Decidedly, garden myths are numerous and persistent. One I first heard in my childhood and that still keeps coming up is that the number of spots on the back (actually, the elytra or wing case) of a ladybug (ladybird) indicates its age. Sorry, but tain’t true!
Most ladybugs live about a year, rarely two or three. Never 22 years (the maximum number of points found on their elytra).
On the other hand, the number of spots can help identify the species, because most have a specific number of them. For example, Coccinella septempuctata bears seven points while Coccinella novemnotata has nine of them. On the other hand, in the vast ladybug family, with some 5,000 species, there are bound to be exceptions. For example, there are species that have no spots at all, others that are striped, and others where the number of spots varies. The well-known Asian ladybug (Harmonia axyridis), for example, well established now over much of the world, can have from 0 to 22 spots.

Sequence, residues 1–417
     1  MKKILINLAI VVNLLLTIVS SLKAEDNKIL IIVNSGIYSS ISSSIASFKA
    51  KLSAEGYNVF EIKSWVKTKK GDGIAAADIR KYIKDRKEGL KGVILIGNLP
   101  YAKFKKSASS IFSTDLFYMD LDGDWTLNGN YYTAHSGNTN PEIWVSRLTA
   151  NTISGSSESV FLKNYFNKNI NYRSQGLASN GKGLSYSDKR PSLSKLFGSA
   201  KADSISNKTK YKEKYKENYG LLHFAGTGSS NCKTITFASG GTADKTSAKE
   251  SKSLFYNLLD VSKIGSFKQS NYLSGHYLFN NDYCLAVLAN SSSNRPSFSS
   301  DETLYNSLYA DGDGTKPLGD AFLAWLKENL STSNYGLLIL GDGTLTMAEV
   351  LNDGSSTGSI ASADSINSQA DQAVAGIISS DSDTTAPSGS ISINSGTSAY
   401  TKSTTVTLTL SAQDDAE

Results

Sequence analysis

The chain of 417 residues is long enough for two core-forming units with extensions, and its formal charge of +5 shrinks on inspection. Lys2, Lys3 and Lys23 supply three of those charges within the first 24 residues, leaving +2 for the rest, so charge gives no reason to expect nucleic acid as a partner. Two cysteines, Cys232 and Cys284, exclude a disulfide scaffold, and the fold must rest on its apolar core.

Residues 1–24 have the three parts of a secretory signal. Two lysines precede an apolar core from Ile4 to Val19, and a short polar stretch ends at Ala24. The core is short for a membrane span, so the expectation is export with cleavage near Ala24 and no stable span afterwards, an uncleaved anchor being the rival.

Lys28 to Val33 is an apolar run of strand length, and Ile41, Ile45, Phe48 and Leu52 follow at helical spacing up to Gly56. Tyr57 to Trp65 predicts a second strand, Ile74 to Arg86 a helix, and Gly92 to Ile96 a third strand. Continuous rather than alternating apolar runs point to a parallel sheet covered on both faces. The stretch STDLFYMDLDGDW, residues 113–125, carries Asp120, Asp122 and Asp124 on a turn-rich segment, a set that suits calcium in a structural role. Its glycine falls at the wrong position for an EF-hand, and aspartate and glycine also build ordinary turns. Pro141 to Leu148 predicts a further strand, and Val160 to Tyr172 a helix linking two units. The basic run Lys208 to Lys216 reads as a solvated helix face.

Most ladybugs have red, orange or yellow elytra with black spots or black elytra with red, orange or yellow spots. These bright colors serve as a warning to potential predators, sort of saying “don’t mess with me!”, because ladybugs have a bitter taste and indeed most are somewhat toxic.
But the spots, no matter their number, never indicate the ladybug’s age!